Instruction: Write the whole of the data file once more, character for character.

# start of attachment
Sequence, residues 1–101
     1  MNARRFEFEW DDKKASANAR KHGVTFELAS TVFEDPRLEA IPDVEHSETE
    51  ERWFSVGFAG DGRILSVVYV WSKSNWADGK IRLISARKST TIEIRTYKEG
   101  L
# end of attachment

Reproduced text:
Sequence, residues 1–101
     1  MNARRFEFEW DDKKASANAR KHGVTFELAS TVFEDPRLEA IPDVEHSETE
    51  ERWFSVGFAG DGRILSVVYV WSKSNWADGK IRLISARKST TIEIRTYKEG
   101  L